Most college campuses have a career center with services for current students, and even alumni. Many students roll their eyes when they think of their career center, assuming all they do is review resumes and put on an occasional career fair. In actuality, spending some time at the center and getting to know what they have to offer may surprise you! For example:

  • Career Fairs. You probably see flyers around campus about upcoming career fairs. Visiting the career center before the event is a good way to learn about best practices. Showing up at the fair without a plan in place can be a big waste of time, and the career center can give you guidance on how best to take advantage of the opportunities. Many campuses hold big career fairs in addition to fairs focused on a smaller industry or sector, or just internships. Join the career center email list to be sure you don’t miss anything.
  • On campus interview programs. Did you know that many campuses host recruiting and interview programs on campus? These are great opportunities because you don’t have to travel to be interviewed, even for employers that may not be local. Also, the career center coordinates the process, so getting your resume in front of the right people is much easier than using online job sites. You can also feel confident that the employer is interested in students like yourself, because they are making the effort to visit your school.
  • Networking events. Networking may not be your favorite thing, but practicing during events with students and alumni is a low-pressure, fun way of going about it. And who knows, you just may make a connection that can open some important doors for you. Your career center likely holds several networking events a year. Bonus: they usually offer free food!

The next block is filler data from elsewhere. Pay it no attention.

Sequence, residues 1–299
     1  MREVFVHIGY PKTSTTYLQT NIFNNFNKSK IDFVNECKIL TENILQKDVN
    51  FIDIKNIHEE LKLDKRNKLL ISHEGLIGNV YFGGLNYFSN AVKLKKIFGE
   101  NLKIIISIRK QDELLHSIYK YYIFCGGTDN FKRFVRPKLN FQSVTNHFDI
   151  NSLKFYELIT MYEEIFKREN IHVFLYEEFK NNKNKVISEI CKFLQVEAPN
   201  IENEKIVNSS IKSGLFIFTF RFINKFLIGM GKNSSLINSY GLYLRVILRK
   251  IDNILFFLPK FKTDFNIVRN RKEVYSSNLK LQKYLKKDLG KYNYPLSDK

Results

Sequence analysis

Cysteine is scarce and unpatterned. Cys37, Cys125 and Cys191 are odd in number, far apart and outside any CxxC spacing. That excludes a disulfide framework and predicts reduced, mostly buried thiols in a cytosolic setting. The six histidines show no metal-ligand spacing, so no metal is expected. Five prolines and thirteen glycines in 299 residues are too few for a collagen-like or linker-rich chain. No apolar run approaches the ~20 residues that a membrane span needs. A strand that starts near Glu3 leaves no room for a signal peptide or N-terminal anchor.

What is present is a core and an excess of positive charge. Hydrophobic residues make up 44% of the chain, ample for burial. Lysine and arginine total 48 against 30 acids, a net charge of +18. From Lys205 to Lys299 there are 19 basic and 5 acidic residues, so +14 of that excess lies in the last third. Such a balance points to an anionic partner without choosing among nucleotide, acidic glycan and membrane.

• Alumni network. Many colleges collect the names and contact information of alumni that would like to help current students progress in their careers. Looking through the database, you may find alums that work in jobs that sound very interesting to you. Since these alums already volunteered, reaching out to them for informational interviews will not be awkward at all. Very different than randomly pinging people on LinkedIn.
  • Volunteer opportunities. If you are looking to beef up your resume for future job (or graduate school) applications, doing some community service is a great way to go. Your career center probably has good resources for you to use in order to find some fun and rewarding opportunities.
About the author
Marc Zawel

As author of Untangling the Ivy League, Marc literally wrote the book on gaining admission to highly selective colleges. He earned a BA from Cornell University – where he met AcceptU’s co-founder – and an MBA from University of North Carolina at Chapel Hill. At UNC, Marc chaired the admissions advisory board; he has also conducted alumni interviews for Cornell for more than fifteen years.

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